Some years ago I spent the best part of a year in northern Nigeria, in Hausaland. Land of mud palaces, bitter poverty, fleeting moments of political power and the ever-ready muezzin with his call to prayer.
My stay spanned Ramadan, the Muslim month of fasting and prayer, roughly equivalent to the Christian Lent. Ramadan was an experience. The year I was there it coincided with the hottest part of the year just before the rainy season began, and with certain political moves by the IMF that had ordinary Nigerians queueing for days (I kid not) for petrol.
It was brutal.
We woke before daybreak to eat a meal that had been prepared the night before and drink as much water as we could before our bodies screamed enough. Then, feeling like tanked-up camels, we would go back to bed for another few hours as the first call to prayer of the day sounded and the shutters went down on food, drink, smoking and all other bodily pleasures.
As the Koran commands, we were all sitting in our places in the evening when the muezzin called his last round of the day and as soon as prayer was finished, we broke our fast first with dates and then with a slow, full meal of unbearably hot meat stew and pounded yam. I came quickly to adore dates.
As non-Muslims, we were not required to fast, but any bending of the fasting laws we were asked to keep to ourselves. I opted to drink water during the day and would creep to the kitchen for a sly glass every so often - most often at prayer times, when everyone else was otherwise occupied. I didn't eat, but I smoked throughout.
My then-husband, though, had a worse time. I don't think he'd mind my saying that he was fairly addicted to alcohol. He found Muslim Nigeria hard enough, having to slope around in dark corners in search of a discrete beer, but at Ramadan, even the ultra-dangerous backstreet bars were closed and he went almost insane. His art, for artist he was and is, went into a manic multicolour phase to prove it.
Why am I telling you all this? Partly because it's good to reminisce. Nigeria was tough, but a very important life-experience. Partly because today is the start of Lent (if you live in Ambrosian Carmine), and I've decided I can't live without chocolate - my usual Lenten fast - and I'm going to quit alcohol instead.
I've chosen alcohol because it should be possible for me to go the whole 40 days. Easier than chocolate anyway. And a million times easier than tea, to which I am totally and unashamedly addicted.
I'm not a big drinker. In fact, anything beyond a couple of glasses of Burgundy or Barbera in any 24-hour period makes me so physically sick I've come to believe I may be allergic to alcohol. I quit drinking spirits the day I found I was pregnant with AJ and I never went back, not even when tempted with a peaty Island Malt proferred by one of London's most celebrated whisky connosseurs. I was married for seven years to someone who preferred the bottle to his wife. Happily, he went on the wagon the day I left him and has never gone back. But the experience has left me with an extreme abhorrence of drunkenness - even the 'happy drunk' variety - which means I haven't stepped into a pub in what seems like decades.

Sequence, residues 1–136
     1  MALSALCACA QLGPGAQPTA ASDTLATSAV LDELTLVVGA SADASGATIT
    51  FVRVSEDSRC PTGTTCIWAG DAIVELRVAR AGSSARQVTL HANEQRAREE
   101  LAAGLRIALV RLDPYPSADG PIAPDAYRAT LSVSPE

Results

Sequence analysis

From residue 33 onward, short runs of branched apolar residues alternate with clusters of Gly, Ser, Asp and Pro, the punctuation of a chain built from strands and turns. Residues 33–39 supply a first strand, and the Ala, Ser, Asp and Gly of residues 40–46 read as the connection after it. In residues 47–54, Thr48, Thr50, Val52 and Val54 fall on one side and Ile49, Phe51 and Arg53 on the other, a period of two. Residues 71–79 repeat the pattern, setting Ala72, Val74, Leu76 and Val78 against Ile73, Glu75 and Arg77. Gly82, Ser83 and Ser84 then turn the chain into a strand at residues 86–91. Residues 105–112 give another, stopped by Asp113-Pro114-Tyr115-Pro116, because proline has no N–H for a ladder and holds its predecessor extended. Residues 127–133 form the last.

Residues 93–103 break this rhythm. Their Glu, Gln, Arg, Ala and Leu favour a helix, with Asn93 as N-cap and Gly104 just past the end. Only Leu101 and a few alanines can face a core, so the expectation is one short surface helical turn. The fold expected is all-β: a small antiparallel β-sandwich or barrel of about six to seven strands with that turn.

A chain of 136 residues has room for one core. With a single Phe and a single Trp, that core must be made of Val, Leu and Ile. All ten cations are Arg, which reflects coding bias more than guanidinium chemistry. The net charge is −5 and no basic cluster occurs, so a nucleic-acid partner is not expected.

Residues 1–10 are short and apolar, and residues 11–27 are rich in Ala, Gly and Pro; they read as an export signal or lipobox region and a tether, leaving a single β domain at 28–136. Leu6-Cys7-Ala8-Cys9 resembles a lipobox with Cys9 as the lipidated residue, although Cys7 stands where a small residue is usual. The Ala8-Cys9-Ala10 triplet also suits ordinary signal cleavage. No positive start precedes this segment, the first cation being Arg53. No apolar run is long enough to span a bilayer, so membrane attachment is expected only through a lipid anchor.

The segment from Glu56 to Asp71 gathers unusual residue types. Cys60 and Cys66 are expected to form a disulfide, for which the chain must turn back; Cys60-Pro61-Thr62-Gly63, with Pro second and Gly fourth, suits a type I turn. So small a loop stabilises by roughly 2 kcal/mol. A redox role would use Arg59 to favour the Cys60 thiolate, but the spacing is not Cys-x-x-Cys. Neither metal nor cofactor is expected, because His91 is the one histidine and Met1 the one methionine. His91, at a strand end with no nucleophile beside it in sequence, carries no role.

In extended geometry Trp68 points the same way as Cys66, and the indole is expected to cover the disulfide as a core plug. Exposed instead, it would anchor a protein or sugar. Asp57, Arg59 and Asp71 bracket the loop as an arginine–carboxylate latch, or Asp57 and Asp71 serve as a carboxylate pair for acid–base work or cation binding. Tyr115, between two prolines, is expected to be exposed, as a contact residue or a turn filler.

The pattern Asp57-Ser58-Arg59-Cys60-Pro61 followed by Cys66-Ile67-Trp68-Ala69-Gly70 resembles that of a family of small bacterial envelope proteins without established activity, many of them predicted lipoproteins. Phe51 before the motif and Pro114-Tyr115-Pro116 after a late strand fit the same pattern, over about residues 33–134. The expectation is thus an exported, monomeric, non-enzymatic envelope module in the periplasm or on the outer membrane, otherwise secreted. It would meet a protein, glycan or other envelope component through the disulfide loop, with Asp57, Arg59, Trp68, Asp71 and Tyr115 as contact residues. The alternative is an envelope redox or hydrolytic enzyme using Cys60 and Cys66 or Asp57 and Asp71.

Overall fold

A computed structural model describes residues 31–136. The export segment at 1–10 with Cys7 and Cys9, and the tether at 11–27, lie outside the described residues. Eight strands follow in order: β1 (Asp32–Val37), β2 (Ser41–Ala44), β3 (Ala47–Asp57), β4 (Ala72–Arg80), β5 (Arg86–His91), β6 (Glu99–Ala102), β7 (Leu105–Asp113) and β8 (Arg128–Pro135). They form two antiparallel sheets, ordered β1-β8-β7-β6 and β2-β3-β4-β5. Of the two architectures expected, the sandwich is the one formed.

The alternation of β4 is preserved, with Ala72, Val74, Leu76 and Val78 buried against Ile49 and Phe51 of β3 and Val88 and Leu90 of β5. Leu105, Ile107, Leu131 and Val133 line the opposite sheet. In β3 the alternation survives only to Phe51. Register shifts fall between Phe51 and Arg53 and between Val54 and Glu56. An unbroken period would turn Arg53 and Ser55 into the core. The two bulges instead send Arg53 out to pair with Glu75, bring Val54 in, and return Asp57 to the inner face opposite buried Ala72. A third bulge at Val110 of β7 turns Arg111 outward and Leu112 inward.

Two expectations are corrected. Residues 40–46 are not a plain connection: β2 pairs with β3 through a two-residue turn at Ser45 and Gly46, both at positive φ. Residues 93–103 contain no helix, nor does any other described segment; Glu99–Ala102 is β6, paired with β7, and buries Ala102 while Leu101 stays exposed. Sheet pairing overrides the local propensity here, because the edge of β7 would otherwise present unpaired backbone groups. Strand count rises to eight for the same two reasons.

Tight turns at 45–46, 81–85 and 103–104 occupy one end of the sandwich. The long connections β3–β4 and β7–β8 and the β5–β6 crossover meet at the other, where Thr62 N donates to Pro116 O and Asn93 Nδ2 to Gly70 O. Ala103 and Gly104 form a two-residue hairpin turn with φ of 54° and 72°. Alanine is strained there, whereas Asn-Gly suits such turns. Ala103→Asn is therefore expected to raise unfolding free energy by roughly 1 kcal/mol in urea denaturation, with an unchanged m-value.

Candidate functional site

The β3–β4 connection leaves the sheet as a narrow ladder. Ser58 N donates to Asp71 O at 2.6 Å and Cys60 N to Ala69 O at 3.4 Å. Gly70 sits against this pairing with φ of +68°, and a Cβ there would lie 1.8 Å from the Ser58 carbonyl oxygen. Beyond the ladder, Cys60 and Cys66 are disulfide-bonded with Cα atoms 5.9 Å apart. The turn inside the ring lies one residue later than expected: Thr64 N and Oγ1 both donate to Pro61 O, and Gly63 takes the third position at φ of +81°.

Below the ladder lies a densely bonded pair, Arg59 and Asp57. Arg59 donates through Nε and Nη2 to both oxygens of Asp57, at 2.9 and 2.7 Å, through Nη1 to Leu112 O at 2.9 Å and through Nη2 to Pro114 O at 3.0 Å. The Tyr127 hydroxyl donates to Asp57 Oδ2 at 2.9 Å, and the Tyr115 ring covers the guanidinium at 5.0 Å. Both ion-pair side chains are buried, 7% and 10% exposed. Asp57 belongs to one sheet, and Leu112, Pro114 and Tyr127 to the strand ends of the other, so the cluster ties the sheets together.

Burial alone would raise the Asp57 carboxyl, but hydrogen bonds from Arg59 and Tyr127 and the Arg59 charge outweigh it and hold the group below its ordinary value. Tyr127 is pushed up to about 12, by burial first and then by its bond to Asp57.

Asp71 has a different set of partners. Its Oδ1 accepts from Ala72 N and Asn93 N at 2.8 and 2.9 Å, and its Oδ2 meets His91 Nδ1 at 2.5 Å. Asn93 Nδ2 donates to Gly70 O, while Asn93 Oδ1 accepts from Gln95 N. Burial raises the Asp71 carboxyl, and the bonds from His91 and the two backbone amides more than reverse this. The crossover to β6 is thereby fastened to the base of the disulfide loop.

But I do enjoy a quality wine that ages nicely and doesn't give me a headache, and I'm prepared to drive all the way to Burgundy and back a couple of times a year in search of a predictably good drinking experience. Or Sizzano, or Asti. And, more to the point if you live in Carmine, I'm prepared to heft a couple of cases onto my back for the long walk up. So perhaps I will miss my mealtime tipple and my weekend aperitif after all.
If my Lent resolution is anything like my New Year's Resolution - yes, it's now March 1st and I still haven't finished January's Nobel book, let alone February's - I won't get much further than Tuesday. But we'll see how we go. And I'm going to bore you every day with a bulletin to let you know how I'm doing - perhaps shame at failing will keep me on track.
So what have you given up for Lent?
I don't give up things for Lent. I hardly ever drink these days - although a good single Malt has been known to slip down in tiny quantities.
I eat two squares of dark chocolate about 4 times a week.
Oh I know - I'll give up shouting at the kids for Lent! Let's see how long that lasts... ;-)
I've never followed Lent. Fortnightly, in the Vaisnava tradition I follow, we fast for a 24 hour period, on the waning moon and the waxing moon. The fast is from grains and legumes, ostensibly, but it extends into so many other levels depending on your ability, and can be a complete fast (no water, nothing), or varying levels down. It is a day for deeper contemplation and meditation, while the body is in a low physical state...
I shall now be giving up anything. In fact, I think atheists like me should perhaps start something new, something which adds to our life experience, rather than indulging in self-mortification in the mistaken belief it does us some good.
Buying new shoes. That's my addiction. I promise not to buy a single pair of new shoes until Easter. Good for my soul, good for the flexible friend...
Last year I gave up chocolate, this year I will drink less coffee (only two "tazzine" of moka-coffee a day istead of 5). Happy March! Cheers!
Interesting read! Thanks for sharing your experience in Nigeria. During Lent I want to remind myself of the sacrifice Christ made. I've asked Him to live His life through me - because I simply cannot live it in my own strength. I don't feel right about giving something up for Lent only to resume it when Lent is finished. If we are responsible and do everything with moderation, let's enjoy the wine and the chocolate without a twinge of guilt!